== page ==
Mapping Smith Coffee Migration Patterns

How Far Will We Travel for Coffee EditsOn the Smith campus lives a secret coffee machine that dispenses wonderful lattes and cappuccinos at no cost to its users. **For the sake of protecting the machine’s identity we will not explicitly state its location or hours of operation in this article.

This magical coffee machine is a common topic of conversation in Sabin-Reed — the home of the Spatial Analysis Lab. During one of these conversations a question was posed: how far are people willing to travel on campus to access this coffee machine? Furthermore, when people visit the machine are they going out of their way to do so or are they generally integrating the stop into a greater journey elsewhere?

We decided to answer these question the only way we know how — by mapping it.

This week our post-bac fellow, Victoria Beckley, will be collecting data at said coffee machine in an attempt to discover the spatial patterns of our coffee-related movements across campus.

Questions involved in the survey include — campus affiliation, coffee preference, and average visits per week. To conduct the research Victoria spun up a couple of feature services in ArcMap — including specific fields with domains — and inserted them into an ArcGIS Online webmap.

From here the webmap can be accessed and edited in the collector app on an iPhone or iPad (as seen in the image below). As the data are collected in the app the feature services are automatically populated, therefore performing the majority of the data processing upon entry. This process has proven, perhaps for the first time ever, to be simple and effective without requiring any troubleshooting! A true feat in the GIS community.ipad_coffee_map_resized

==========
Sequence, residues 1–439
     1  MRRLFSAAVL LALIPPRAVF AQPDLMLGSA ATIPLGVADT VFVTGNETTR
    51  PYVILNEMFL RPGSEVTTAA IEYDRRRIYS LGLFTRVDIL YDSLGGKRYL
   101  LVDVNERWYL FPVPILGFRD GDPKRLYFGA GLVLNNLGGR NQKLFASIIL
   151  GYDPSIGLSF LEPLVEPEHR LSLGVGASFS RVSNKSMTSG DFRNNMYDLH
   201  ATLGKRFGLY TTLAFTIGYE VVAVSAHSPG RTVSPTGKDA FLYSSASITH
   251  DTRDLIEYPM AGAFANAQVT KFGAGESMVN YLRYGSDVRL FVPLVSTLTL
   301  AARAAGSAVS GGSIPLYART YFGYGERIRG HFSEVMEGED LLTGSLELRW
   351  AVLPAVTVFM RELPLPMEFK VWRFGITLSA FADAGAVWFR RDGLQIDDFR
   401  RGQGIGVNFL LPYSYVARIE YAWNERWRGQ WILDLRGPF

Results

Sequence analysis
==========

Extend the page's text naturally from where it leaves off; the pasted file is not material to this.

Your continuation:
We shared our survey idea with the Lewis Global Studies Center (who manages and funds the machine).

They loved the mapping project and asked that we include a question to gauge how many coffee consumers engage with the Global Studies Center during their trips.

After two days of surveying, collecting 76 data points, we can say that the visitors of the coffee machine do in fact gain information about the Global Studies Center during their short stay. One student said she visits the machine with the primary purpose of reading the events board, seeing coffee as a secondary benefit.

The survey will be conducted for the remainder of the week (Oct 20-24), after which the results will be analyzed in ArcMap and produced as maps to be shared — most likely in paper and online form. The results will be posted here for viewing. Additionally if you have any interest in the spatial analysis end of the project (the fun part), please contact Victoria Beckley ( to help out!